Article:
Sign in

Behind Your Pearly Whites

Leslie Benson

Web Exclusive to Teeth-Whitening Feature, Up from the Dentist’s Chair.

Basic oral health care is a growing concern to dental hygienist and president of the ADHA, Diann Bomkamp, as she explains in this Q&A with GCI.

While interviewing members of the oral care industry for GCI magazine’s February 2009 teeth whitening feature, it became apparent—after speaking with one dental hygienist—that basic oral health care should be more top of mind to beauty brand owners and consumers than secondary specialty procedures alone. Diann Bomkamp, president of the American Dental Hygienists’ Association (ADHA), shared her thoughts on the matter.

GCI: Could you share some basic background information about the organization you represent, the ADHA?

Diann Bomkamp: The American Dental Hygienists’ Association is a professional organization that represents over 150,000 dental hygienists. ADHA is promoting the utilization of dental hygienists in offering preventive oral health services directly to the public, especially for patients who do not have easy access to care, like children, those with special health care needs.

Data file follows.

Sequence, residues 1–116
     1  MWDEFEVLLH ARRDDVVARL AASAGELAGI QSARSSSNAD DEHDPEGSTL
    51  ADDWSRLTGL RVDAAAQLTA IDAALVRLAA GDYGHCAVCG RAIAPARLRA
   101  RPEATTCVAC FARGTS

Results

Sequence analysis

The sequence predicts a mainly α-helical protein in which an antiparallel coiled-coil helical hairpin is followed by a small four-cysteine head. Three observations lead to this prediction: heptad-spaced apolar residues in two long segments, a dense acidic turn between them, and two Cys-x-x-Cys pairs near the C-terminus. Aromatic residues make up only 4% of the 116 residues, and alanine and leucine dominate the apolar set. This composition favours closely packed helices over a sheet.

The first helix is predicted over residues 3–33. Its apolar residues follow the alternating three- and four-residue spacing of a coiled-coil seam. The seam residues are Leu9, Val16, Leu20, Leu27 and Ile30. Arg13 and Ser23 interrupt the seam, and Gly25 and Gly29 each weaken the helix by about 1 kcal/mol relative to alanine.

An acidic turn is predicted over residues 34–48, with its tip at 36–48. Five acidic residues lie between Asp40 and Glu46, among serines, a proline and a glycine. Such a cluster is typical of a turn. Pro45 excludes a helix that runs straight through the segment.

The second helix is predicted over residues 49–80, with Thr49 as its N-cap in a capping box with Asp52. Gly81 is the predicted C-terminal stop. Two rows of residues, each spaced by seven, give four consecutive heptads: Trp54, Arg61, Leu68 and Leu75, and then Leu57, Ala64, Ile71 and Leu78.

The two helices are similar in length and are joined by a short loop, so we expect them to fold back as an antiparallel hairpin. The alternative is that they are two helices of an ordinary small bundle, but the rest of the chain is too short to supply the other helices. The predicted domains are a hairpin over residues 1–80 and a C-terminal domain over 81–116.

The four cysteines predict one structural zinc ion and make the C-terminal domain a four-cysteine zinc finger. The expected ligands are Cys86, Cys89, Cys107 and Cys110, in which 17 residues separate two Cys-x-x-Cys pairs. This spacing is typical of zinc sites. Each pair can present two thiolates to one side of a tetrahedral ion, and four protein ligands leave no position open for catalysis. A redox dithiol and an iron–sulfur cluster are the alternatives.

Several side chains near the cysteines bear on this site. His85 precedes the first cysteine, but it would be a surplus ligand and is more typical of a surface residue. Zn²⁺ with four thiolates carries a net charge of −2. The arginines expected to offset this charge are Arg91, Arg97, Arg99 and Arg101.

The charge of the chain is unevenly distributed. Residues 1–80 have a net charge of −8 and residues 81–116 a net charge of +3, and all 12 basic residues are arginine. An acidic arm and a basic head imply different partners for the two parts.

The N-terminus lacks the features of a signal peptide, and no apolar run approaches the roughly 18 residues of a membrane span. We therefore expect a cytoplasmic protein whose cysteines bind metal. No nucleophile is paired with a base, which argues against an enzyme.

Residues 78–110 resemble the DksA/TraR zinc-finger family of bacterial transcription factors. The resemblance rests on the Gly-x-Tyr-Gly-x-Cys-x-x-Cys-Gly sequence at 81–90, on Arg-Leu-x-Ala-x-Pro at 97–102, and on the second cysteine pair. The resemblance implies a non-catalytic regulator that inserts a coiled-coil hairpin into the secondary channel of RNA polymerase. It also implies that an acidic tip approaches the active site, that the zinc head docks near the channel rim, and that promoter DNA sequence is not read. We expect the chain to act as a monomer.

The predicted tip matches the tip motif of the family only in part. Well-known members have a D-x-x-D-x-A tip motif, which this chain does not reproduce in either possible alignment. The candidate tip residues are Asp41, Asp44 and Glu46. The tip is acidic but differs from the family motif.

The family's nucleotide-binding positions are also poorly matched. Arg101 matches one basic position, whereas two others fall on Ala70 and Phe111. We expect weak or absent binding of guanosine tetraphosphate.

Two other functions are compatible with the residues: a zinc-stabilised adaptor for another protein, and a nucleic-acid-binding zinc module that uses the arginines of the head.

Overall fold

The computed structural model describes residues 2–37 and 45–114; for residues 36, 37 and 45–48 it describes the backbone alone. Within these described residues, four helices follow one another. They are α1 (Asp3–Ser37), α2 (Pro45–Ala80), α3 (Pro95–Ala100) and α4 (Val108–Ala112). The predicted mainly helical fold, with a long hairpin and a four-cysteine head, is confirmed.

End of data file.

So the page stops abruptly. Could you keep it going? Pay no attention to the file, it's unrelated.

GCI: In your opinion, how is the oral care industry changing?

Diann Bomkamp: Americans today pay a lot of attention to their looks. Whitening seems to be a relatively simple way to have a younger appearing smile, and is one of the most common esthetic dental treatments for adults. It is so popular that patients can choose to have it done in-office with dental supervision or at-home with either dentally prescribed products or over-the-counter products.

GCI: What advancements have been made in teeth whitening recently?

Diann Bomkamp: There are now products besides the traditional peroxides being used for whitening, such as the use of calcium and phosphate technology (amorphous calcium phosphate-ACP), which offers the potential for aesthetic and preventive benefits from toothpastes, polishing pastes and other products. ACP consists of an unstructured form of calcium phosphate molecules that help remineralize enamel. It also may offer cosmetic benefits by filling in tooth surface defects that make a dull and darker tooth look brighter.

Related Content